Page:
Do Primordial Fluctuations have a Quantum Origin?

A quick lunchtime post containing a confession and a question, both inspired by an interesting paper I found recently on the arXiv with the abstract:

We investigate the quantumness of primordial cosmological fluctuations and its detectability. The quantum discord of inflationary perturbations is calculated for an arbitrary splitting of the system, and shown to be very large on super-Hubble scales. This entails the presence of large quantum correlations, due to the entangled production of particles with opposite momentums during inflation. To determine how this is reflected at the observational level, we study whether quantum correlators can be reproduced by a non-discordant state, i.e. a state with vanishing discord that contains classical correlations only. We demonstrate that this can be done for the power spectrum, the price to pay being twofold: first, large errors in other two-point correlation functions, that cannot however be detected since hidden in the decaying mode; second, the presence of intrinsic non-Gaussianity the detectability of which remains to be determined but which could possibly rule out a non-discordant description of the Cosmic Microwave Background. If one abandons the idea that perturbations should be modeled by Quantum Mechanics and wants to use a classical stochastic formalism instead, we show that any two-point correlators on super-Hubble scales can exactly be reproduced regardless of the squeezing of the system. The later becomes important only for higher order correlation functions, that can be accurately reproduced only in the strong squeezing regime.

I won’t comment on the use of the word “quantumness” nor the plural “momentums”….

My confession is that I’ve never really followed the logic that connects the appearance of classical fluctuations to the quantum description of fields in models of the early Universe. People have pointed me to papers that claim to spell this out, but they all seem to miss the important business of what it means to “become classical” in the cosmological setting. My question, therefore, is can anyone please point me to a book or a paper that addresses this issue rigorously?

Please let me know through the comments box, which you can also use to comment on the paper itself…

7 Responses to “Do Primordial Fluctuations have a Quantum Origin?”

  1. Anton Garrett Says:

    I can’t answer your question, Peter, as I@m not a cosmologist, but I can make a few comments. It is not ultimately possible to couple a classical field to a (special-relativistic) quantum description of matter in a consistent manner, so that far enough back in time a quantum theory of gravity is needed (which we do not presently have). Even farther back, it is possible that *that* breaks down and a hidden variable theory is unavoidable for accurate description.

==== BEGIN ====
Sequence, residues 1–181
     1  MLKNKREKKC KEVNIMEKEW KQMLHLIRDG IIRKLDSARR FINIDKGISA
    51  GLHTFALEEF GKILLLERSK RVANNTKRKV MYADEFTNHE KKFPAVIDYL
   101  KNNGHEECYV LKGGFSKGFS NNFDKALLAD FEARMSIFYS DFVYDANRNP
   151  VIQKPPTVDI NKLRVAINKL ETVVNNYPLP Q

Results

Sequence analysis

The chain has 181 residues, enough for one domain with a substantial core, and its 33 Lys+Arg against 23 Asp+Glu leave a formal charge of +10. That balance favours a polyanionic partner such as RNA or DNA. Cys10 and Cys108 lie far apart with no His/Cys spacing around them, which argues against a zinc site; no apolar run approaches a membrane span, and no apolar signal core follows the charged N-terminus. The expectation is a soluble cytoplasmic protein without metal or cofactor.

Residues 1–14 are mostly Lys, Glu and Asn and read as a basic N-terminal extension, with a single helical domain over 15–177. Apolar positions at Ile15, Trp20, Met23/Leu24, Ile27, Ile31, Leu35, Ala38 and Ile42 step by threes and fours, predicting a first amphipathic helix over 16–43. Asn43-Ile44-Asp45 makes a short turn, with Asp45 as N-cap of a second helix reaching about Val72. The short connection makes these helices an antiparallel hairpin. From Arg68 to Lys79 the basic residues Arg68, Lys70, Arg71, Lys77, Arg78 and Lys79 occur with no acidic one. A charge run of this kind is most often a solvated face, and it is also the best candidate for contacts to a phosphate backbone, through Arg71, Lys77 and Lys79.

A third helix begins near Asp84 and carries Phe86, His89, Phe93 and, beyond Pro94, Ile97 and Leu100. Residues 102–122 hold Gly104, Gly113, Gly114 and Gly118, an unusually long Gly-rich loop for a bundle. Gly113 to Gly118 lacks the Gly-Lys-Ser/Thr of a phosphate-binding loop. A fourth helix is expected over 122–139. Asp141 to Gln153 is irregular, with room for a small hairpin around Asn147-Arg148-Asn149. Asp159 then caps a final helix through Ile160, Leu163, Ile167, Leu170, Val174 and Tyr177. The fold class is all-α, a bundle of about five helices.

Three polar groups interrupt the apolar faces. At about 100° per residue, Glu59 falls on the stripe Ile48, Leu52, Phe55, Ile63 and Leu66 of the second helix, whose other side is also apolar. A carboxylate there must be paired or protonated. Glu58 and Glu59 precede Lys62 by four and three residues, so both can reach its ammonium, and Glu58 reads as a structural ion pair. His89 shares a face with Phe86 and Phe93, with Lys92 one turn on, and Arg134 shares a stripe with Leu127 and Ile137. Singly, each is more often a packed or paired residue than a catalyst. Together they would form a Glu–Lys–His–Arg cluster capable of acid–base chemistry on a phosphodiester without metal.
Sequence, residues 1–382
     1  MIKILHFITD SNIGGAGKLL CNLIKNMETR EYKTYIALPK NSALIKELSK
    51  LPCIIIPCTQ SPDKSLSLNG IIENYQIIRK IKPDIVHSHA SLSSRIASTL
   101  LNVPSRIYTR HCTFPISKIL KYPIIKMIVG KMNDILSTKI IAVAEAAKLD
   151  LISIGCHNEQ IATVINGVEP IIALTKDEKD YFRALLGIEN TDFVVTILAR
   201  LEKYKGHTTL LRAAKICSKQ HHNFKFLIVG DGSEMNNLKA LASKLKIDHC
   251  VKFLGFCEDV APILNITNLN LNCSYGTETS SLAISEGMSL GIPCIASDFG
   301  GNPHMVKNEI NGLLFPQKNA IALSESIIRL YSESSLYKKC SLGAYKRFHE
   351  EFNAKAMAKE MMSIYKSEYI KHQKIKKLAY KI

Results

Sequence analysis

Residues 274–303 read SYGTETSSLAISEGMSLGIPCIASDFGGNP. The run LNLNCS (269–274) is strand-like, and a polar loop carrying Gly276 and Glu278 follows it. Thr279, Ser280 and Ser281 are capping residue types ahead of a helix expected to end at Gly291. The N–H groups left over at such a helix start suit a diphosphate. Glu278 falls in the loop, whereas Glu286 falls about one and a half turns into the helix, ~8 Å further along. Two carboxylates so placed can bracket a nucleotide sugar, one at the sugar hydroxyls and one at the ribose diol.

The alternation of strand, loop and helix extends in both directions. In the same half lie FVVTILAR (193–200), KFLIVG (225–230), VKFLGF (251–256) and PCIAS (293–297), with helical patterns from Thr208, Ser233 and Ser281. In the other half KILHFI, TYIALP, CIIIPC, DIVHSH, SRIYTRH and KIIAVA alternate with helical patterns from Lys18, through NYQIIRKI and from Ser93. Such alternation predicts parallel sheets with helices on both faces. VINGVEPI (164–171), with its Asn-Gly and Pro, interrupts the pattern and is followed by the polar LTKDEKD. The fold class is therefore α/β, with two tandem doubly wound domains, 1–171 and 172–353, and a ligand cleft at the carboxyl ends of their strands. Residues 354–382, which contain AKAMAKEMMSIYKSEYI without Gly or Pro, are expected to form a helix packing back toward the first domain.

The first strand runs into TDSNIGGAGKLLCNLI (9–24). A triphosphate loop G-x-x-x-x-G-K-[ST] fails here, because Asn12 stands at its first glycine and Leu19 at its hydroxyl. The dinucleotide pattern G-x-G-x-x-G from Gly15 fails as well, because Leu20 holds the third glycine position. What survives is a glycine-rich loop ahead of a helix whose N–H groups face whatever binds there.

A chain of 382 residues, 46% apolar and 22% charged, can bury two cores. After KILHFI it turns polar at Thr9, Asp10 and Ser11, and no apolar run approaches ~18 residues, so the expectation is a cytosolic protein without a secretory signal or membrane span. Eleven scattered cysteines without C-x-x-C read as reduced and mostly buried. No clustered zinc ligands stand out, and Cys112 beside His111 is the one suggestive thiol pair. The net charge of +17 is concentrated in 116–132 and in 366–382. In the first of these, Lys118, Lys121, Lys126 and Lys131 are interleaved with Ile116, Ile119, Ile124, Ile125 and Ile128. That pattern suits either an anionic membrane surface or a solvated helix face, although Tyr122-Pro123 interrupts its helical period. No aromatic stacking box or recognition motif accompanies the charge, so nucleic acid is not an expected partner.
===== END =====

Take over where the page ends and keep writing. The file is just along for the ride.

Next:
The quantum correlations seen in Bell-test experiments are visible only if the two particles are not interacting with anything else, but in the early universe they are going to be interacting with everything else!

  2. Phillip Helbig Says:

    Having just read one of his “popular-science” books, I’m sure Padmanabhan could. He has an astrophysics-textbook trilogy; it might be in there. I have often cited the ARAA article by Narlikar and Padmanabhan, “Inflation for Astronomers”. I would be surprised if this is not in there and also not in any of the references.

  3. Phillip Helbig Says:

    Ask Andreas Albrecht the next time you see him. I’m sure he has also written about this. http://xxx.lanl.gov/abs/1408.6859 seems to go beyond this concept, but in turn is based on it, so that might be a good place to start.

    Note that AA was a pioneer of inflation but has recently become somewhat sceptical, though not grinding his own axe as hard as another pioneer-turned-sceptic, Paul Steinhardt. So especially for questions about which assumptions are valid and so on I think reading his papers would provide some enlightenment on this topic.

    BTW, the xxx.lanl.gov URL in my comment is related to the one in your post. These have been obsolete for a while, but they appear to still work. I think arXiv.org is the officially supported way to point to the arXiv.

  4. The issue of classicality of inflationary perturbations is surprisingly contentious and confusing, for something so central to the field. Here is the best recent paper I know about:

    http://arxiv.org/abs/1408.5002

  5. Andrew Tan Says:

    In the orthodox Copenhgaen-style interpretation of quantum mechanics, classicality emerges along with the collapse of the wave function. It is the same with the quantum fluctuations.

    However, Mukhanov in his textbook “Physical Foundations of Cosmology” favours the a Many-Worlds Interpretation for why the world looks classical.

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